MILWAUKEE -- The Brewers started the second half of the season right where they finished the first: swinging for the fences.The National League leaders in long balls added two more home runs in an eight-run second inning on the way to a 9-6 win over the Phillies on Friday at
MILWAUKEE -- The Brewers started the second half of the season right where they finished the first: swinging for the fences.
The National League leaders in long balls added two more home runs in an eight-run second inning on the way to a 9-6 win over the Phillies on Friday at Miller Park. Orlando Arcia's three-run shot gave the Brewers a lead and Ryan Braun punctuated the rally with a first-pitch grand slam.
The slam was the sixth of Braun's career, making him the Brewers' all-time leader. It came on a hanging slider from Phillies right-hander Nick Pivetta, who struck out each of the first four Brewers hitters he faced, then surrendered eight runs before recording another out.
Grand slams mean 40% off pizza
Starting with Domingo Santana's one-out double in the second inning, the Brewers went double, single, single, homer, walk, single, walk, homer for an eight-batter, eight-run rally that matched their biggest inning this season. The last hit belonged to Braun, who broke a tie with Jeromy Burnitz, Cecil Cooper and John Jaha to become the Brewers' all-time leader in grand slams.
"It is a huge spot," Brewers manager Craig Counsell said. "It was a high breaking ball -- it might have been a ball, actually. I knew Ryan was going to be aggressive that at-bat after [taking a called strike three in] his first at-bat. [Pivetta] threw him a bad pitch for a guy that was going to be aggressive."
What prompted the Brewers' sudden turnaround? Counsell pointed to Santana's double, which forced Pivetta to work from the stretch.
"After he struck out the side in the first, we knew we had to do something," said Arcia, who is hitting .323 with five home runs since the start of June. "Actually, [Jesus] Aguilar told us in the dugout that we'll get him before the third. That's actually what happened, and we were able to turn it around in the second."
"He was like two different pitchers out there," Phillies manager Pete Mackanin said. "He struck out four in a row, then he just didn't locate any of his pitches. He hung every breaking ball he threw up there in that one span of eight hitters. And then he was a different pitcher after that. That did him in, the three-run homer and grand slam."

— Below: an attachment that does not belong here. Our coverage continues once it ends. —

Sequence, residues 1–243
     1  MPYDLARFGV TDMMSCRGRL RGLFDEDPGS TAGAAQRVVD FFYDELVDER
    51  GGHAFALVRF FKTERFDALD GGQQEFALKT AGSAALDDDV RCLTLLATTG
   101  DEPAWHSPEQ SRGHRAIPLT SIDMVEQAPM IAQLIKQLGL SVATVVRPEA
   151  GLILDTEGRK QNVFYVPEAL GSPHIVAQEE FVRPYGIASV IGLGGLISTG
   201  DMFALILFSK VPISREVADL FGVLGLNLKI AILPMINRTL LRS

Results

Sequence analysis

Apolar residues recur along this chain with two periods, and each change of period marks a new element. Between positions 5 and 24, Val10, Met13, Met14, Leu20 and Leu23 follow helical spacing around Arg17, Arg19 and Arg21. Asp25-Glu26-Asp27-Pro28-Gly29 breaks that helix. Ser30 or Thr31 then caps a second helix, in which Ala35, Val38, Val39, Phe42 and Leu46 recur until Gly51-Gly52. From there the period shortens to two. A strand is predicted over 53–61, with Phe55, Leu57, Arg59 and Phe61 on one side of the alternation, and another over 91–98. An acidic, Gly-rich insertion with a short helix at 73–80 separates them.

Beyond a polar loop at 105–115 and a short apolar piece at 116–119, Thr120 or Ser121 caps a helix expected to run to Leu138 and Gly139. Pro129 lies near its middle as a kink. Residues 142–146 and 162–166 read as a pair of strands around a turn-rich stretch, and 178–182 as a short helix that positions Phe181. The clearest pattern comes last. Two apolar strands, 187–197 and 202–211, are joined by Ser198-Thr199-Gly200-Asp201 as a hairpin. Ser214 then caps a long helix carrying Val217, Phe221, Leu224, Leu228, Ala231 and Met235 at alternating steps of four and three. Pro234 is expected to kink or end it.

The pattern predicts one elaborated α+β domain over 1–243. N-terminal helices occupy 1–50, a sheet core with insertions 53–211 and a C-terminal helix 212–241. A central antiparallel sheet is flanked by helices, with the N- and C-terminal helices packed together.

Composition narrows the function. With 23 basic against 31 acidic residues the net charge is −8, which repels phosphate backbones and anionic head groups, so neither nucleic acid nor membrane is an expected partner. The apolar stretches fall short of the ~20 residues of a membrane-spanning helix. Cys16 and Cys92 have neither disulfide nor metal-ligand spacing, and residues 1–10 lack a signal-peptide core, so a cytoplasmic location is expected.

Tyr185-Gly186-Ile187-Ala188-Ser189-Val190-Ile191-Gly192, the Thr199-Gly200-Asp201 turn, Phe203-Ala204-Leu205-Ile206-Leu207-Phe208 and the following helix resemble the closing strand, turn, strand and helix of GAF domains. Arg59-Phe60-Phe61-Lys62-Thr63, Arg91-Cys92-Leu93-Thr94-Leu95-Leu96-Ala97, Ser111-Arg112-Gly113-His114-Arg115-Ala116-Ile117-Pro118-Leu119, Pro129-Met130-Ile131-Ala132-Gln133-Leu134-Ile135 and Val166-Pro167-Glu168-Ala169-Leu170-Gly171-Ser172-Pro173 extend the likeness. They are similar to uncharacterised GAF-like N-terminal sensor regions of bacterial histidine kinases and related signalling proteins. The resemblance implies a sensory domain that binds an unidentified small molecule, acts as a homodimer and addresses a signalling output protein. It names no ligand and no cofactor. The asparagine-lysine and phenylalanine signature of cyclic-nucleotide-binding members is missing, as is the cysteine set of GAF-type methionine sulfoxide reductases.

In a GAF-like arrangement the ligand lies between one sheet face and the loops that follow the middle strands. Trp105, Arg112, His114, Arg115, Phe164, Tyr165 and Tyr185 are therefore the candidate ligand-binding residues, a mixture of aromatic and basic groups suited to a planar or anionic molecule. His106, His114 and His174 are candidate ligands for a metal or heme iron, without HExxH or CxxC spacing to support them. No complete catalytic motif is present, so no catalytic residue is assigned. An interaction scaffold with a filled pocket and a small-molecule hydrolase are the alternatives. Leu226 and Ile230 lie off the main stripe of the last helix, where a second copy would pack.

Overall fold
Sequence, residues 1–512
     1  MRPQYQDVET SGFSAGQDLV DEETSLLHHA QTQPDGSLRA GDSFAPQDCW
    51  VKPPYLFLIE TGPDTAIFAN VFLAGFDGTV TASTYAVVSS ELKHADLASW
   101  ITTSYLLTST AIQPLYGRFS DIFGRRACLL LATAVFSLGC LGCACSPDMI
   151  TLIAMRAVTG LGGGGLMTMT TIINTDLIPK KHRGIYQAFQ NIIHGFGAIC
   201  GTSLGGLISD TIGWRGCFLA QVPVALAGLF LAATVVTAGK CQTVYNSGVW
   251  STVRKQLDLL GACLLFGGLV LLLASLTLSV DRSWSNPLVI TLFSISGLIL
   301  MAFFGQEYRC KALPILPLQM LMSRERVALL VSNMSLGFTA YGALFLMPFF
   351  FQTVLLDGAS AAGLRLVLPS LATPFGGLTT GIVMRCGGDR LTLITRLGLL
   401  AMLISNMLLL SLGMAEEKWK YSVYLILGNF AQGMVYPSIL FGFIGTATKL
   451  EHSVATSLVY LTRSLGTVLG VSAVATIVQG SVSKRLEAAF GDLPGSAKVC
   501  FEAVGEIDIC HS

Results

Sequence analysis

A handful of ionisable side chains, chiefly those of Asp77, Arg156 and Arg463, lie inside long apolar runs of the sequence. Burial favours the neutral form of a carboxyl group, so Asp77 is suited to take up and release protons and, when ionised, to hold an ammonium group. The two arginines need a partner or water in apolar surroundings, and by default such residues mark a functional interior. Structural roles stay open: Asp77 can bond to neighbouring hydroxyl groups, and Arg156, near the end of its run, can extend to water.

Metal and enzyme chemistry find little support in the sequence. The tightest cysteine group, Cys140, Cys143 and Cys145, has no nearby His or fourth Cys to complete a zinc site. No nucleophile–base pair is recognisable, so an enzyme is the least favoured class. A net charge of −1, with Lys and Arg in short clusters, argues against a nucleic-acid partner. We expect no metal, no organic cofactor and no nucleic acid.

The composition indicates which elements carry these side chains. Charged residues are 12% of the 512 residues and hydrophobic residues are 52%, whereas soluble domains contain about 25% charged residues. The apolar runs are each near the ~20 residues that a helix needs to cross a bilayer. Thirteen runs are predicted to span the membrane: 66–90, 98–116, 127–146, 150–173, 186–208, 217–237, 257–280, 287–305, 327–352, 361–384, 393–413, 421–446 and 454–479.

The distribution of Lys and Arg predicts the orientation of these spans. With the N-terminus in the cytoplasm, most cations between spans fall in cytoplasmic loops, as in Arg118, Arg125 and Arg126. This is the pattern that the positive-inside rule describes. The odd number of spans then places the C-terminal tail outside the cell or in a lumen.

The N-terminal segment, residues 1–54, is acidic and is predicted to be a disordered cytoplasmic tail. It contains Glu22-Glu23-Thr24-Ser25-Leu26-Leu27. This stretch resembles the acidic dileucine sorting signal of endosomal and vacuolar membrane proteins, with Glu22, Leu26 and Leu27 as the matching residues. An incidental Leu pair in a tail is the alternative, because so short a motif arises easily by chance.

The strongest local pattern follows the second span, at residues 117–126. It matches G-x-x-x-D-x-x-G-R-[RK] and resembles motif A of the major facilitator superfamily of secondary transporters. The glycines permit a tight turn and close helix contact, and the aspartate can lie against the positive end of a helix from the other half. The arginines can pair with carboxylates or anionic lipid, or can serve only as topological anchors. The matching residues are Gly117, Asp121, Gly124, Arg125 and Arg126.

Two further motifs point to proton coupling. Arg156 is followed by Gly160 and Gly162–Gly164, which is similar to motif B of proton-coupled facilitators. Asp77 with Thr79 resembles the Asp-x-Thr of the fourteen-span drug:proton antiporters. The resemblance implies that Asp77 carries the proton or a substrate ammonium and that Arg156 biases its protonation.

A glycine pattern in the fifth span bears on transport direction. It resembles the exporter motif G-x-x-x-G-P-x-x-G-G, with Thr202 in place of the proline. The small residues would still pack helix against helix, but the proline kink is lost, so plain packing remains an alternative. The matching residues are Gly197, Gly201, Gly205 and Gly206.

The slam was Braun's first Miller Park home run since April 28. He spent most of May and June on the disabled list with a left calf strain that flared up on Saturday at Yankee Stadium, prompting manager Craig Counsell to leave Braun out of the lineup for Sunday's first-half finale.
"He's had a calf injury this year that we're going to have to be careful with," Counsell said before the All-Star break. "It is probably going to limit his playing time. It's just the reality of the season. We've produced offensively without him. It's just how we're going to have to approach the [rest of] the season.
"If we get more than we expect, it's a bonus."
Friday represented an encouraging start. With their 10th win in 12 games, the Brewers moved 10 games over .500 (51-41) for the first time this season and maintained a 5 1/2-game lead over the Cubs in the NL Central.
"To have [Braun] involved in the fun that we're having, it brings everyone together and it's more fun," Arcia said. "It gives us all more hope, and it gives us all more energy, really."
The Brewers' NL-leading home run count is up to 140, a pace for 246 that would break the franchise record of 231 in 2007, the year Prince Fielder hit 50. Only the Astros (150) have hit more home runs this season.
Adam McCalvy has covered the Brewers for MLB.com since 2001. Follow him on Twitter @AdamMcCalvy, like him on Facebook and listen to his podcast.